But bodily realities and the limitations of dieting as a method of weight loss challenge this presumption and reality of weight’s persistence threatens to overrun the spiritual ideals that underpin the program and are the basis for its claim to efficacy. If people don’t lose weight after faithfully adhering to the program they may come to question its conflation of God’s bodily ideal with thinness and weight loss. Members need to be trained to read the persistence of weight not as a reflection itself of God’s will (if I’m trying and I don’t lose weight, maybe God doesn’t want me to), or the failure of dieting’s disciplines (if I keep doing this and it doesn’t work, maybe it just doesn’t work) but to attribute it to other causes.

The first response to Norma’s question came from Celeste, a small woman, also in her 60s, with dyed blond hair who converted to evangelical Christianity from Catholicism. She offered: “Satan and his dirty work.” Tessa, one of the group’s success stories, gave a more worldly explanation. “We get complacent at week six,” she said. “We started by doing everything we’re supposed to do. So this week, after not coming last week, I didn’t write anything down for CR [Commitment Report], didn’t open up the Bible study.” Norma then confessed her own complacency, saying “I’ve decided I didn’t need to do a CR because I haven’t been taking it with me.” “Mine is exercise,” offered Kathleen, a younger, larger woman with two small children at home. “All I can say is don’t think you’re a Lone Ranger.” Norma comforted, “We’re all not doing well.”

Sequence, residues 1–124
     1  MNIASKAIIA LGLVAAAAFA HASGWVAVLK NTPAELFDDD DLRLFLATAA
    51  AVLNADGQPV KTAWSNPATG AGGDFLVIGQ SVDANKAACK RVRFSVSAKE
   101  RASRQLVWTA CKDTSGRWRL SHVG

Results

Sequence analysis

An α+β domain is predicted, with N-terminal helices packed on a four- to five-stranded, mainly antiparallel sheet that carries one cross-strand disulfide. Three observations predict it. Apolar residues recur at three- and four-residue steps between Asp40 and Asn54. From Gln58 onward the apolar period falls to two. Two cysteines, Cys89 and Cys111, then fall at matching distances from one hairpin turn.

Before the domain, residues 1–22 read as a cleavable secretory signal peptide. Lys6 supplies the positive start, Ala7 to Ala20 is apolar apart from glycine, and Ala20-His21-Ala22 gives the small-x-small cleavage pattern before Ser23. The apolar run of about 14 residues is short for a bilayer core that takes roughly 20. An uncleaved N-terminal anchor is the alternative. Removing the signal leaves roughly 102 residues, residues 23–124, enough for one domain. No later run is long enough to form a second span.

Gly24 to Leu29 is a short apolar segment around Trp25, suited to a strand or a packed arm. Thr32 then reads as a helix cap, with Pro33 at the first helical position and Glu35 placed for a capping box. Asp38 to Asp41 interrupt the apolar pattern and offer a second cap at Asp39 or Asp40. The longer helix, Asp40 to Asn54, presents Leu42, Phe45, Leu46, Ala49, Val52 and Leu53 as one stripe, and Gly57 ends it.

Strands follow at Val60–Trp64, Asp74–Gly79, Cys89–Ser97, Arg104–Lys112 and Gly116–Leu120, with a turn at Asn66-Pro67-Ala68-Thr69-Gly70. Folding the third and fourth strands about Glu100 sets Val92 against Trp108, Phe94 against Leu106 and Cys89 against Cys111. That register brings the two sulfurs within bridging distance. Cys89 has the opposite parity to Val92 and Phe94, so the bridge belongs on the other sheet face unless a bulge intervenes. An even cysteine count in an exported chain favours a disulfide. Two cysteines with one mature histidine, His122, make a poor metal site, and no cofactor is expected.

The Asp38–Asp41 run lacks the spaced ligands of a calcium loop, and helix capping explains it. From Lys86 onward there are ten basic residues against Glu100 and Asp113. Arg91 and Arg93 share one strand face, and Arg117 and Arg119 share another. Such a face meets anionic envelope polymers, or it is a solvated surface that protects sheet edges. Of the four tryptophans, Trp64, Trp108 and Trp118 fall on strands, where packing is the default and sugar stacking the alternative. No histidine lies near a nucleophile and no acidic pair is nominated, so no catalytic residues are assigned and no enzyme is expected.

First Place’s program consists of nine spiritual and physical commitments. These commitments serve a range of purposes, but one, as we can see in this exchange, is an opportunity to defuse the tension between godly ideals and bodily realities. When beginning a thirteen-week session, First Place members commit to regular attendance at group meetings, adherence to the food plan, regular exercise, memorization of one scripture verse per week, daily bible reading, daily bible study (the two are different), daily “quiet time” in prayer, weekly encouragement of another group member (usually via email or phone), and faithful recording of adherence to these commitments, including every bit of food eaten, in what’s known as a Commitment Record or a CR. The CR is handed in to the group leader every week and she returns it at the next meeting with comments. Commitments are so numerous in part because the program aims to address the problem of weight loss physically, emotionally, mentally and spiritually. They also reflect an increasing tendency to see weight loss as a life altering pursuit that requires personal changes far more extensive than food restriction and increased exercise and a resultant proliferation of disciplines.

It is widely recognized and accepted that it is difficult if not impossible to meet all of these commitments at any one time, not to mention in an ongoing manner. But the virtual impossibility of ongoing, faithful adherence does not keep members from being held accountable to them, especially when weight loss is not achieved. The sheer number of commitments give First Place members a variety of ways to explain why weight loss has not occurred as hoped. Surely there is always something that members have not faithfully implemented in their lives during the previous week, especially as the thirteen-week session progresses. The proliferation of commitments provides a range of ways to assign individual responsibility for the lack of weight loss success, diverting attention from the shortcomings of dieting and from the possibility that God is the author of those failings which may themselves carry a message that participants could discern.

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